I suggest that The Baker Street Journal‘s fannish activity, instead of representing an affront to serious scholarship, performs an important task in expanding the fictional world of “the magical Holmesian cosmos” Fictional world theory holds that the fictional worlds of literary texts are “aesthetic artifacts constructed, preserved, and circulating in the medium of fictional texts”. These worlds, like the Sherlockian cosmos, are created by their authors and the reader must reconstruct it with the text acting like a set of instructions that allows the reader to experience and integrate the fictional world into their own reality. But this view of the fictional world is passive and static, with the reader assuming a traditional role in deciphering the fictional world created solely by the author. The Baker Street Journal arises out of a more complex facet of fictional world theory that sees possible fictional worlds as being infinite. The possible fictional worlds of Sherlock Holmes chronicled in The Baker Street Journal complicate the relationship between passive reader and active author as its members participate in and multiply the fictional world Doyle created “where it is always 1895” .
Doyle’s universe may lend itself to this phenomenon because of its writerly style. Roland Barthes defines readerly texts as static and fixed in their meaning while a writerly text is “perpetual[ly] present,…is ourselves writing, before the infinite play of the world (the world as function) is traversed, intersected, stopped…which reduces the plurality of entrances, the opening of networks and the infinity of language”. The existence of these infinite points of entry into Doyle’s fictional world is nowhere more apparent than in the “The Adventure of the Musgrave Ritual” (1893) as Holmes opens up his archive:
[Holmes] threw back the lid. I could see that it was already a third full of bundles of paper tied up with red tape into separate packages.
“There are cases enough here, Watson,” said he, looking at me with mischievous eyes. “I think that if you knew all that I had in this box you would ask me to pull some out instead of putting others in.”
“These are the records of your early work, then?” I asked. “I have often wished that I had notes of those cases.”
Like Watson, we desire access to the potential fictional worlds contained in Sherlock’s early case files. The writings of The Baker Street Journal as fan fiction pull at the red tape that binds the untold cases of the great detective. As fan fiction they reify a connection to the fictional world by making the reader/fan an active participant in creating that world. The purpose of Sherlockian fandom then is “to enlighten about the rarest and finest of worlds surrounding Baker Street and beyond” . These “fans” as authors are stewards of the fictional world that Doyle has created.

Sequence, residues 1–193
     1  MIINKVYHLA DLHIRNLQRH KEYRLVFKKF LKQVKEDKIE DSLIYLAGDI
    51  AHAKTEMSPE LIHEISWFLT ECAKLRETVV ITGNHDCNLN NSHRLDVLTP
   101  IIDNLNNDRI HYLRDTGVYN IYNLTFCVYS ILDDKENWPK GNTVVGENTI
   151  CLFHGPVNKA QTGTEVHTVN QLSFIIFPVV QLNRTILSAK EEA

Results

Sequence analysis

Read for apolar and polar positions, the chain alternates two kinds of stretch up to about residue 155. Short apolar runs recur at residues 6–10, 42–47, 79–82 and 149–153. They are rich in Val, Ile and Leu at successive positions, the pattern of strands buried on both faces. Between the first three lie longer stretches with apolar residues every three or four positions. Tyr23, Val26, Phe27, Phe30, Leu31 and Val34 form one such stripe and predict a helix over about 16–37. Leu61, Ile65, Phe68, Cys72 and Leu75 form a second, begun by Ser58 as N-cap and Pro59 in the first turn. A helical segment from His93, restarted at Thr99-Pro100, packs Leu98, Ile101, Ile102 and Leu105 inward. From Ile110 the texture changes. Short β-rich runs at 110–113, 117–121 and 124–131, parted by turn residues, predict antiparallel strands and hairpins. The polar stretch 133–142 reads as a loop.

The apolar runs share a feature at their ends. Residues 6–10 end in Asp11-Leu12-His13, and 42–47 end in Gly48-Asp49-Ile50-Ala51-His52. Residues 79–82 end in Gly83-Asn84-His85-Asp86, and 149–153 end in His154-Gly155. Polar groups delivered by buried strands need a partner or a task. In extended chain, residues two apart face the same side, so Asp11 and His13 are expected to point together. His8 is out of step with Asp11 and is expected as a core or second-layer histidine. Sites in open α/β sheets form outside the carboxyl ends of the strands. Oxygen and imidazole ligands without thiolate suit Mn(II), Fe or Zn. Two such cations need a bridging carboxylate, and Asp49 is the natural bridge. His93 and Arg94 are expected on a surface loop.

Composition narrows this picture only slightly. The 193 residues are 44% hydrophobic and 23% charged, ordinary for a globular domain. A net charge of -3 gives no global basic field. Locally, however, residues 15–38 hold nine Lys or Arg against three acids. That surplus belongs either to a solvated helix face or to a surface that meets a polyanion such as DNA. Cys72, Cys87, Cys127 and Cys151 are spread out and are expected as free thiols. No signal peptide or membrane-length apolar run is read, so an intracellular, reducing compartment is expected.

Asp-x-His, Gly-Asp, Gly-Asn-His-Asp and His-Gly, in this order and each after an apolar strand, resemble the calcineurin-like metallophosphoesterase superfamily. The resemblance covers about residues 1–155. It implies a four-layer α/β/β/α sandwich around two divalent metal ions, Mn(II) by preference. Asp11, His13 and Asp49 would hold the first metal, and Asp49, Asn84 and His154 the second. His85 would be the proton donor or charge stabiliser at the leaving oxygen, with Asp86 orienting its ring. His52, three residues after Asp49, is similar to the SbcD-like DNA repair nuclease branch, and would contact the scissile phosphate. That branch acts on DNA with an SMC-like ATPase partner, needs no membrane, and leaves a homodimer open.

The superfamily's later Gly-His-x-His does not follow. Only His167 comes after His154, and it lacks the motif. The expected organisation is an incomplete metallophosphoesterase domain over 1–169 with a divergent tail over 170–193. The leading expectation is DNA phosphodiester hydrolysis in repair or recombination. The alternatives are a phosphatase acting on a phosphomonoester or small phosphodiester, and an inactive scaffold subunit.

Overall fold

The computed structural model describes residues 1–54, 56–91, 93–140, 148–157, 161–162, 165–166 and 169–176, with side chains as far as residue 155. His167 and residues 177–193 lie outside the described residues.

Still the question remains: How do we reconcile the relationship between fandom and the academy? As a fan of Sherlock Holmes and now a fan of the BBC show I submit that serious scholarship cannot exist without fandom. It is our fanaticism that drives us to investigate the writings of the Holmes canon and create new points of entry into the text. We may use theory instead of whimsy, but our scholarly efforts to expand the meaning of literature may reveal that we “serious” scholars of Sherlock are more like the Baker Street Irregulars than we care to admit.
As The Baker Street Journal editor Philip Shreffler puts it: “There are some paths in life that we may follow only with our intellects; some we may follow only with our hearts. But only occasionally do we find paths like these that we may follow with both” .
So, do you believe in Sherlock Holmes?
 “fandom, n.”. OED Online. December 2011. Oxford University Press. http://www.oed.com/view/Entry/68041?redirectedFrom=fandom (accessed March 06, 2012).
 “fan, n.2”. OED Online. December 2011. Oxford University Press. http://www.oed.com/view/Entry/68000?rskey=0S29Qg&result=2 (accessed March 06, 2012).
 Eric Eisner. “Elizabeth Barrett Browning and the Energies of Fandom” The Victorian Review. Volume 33 Number 1 p. 85.
 Pasquale Accardo. Diagnosis and Detection: The Medical Iconography of Sherlock Holmes. (Fairleigh Dickinson University Press, 1987) p. 14-15.
 Shreffler, Philip A. Sherlock Holmes By Gas-lamp : Highlights from the First Four Decades of the Baker Street Journal. (Fordham University Press, 1989) p. 2.
 Lubomír Doležel. Heterocosmica: Fiction and Possible Worlds. (Baltimore: The Johns Hopkins University Press, 1998) p. 16.
 Shreffler, p. 2
 Barthes, Roland. S/Z. (New York: Hill and Wang, 1974) p. 5.
 “The Adventure of The Musgrave Ritual” The Strand Magazine, May 1893.
 Shreffler, p. 7.
 Shreffler, p. 7.
Jeanette Laredo is a doctoral student at the University of North Texas who specializes in late eighteenth and nineteenth-century British literature, from Walpole to Stoker. She will be presenting a paper on trauma, Jane Eyre and penny dreadfuls at the ‘Wounded Bodies, Tortured Souls: Narratives of Victorian and Neo-Victorian Trauma’ conference at the University of Portsmouth, UK in June of this year.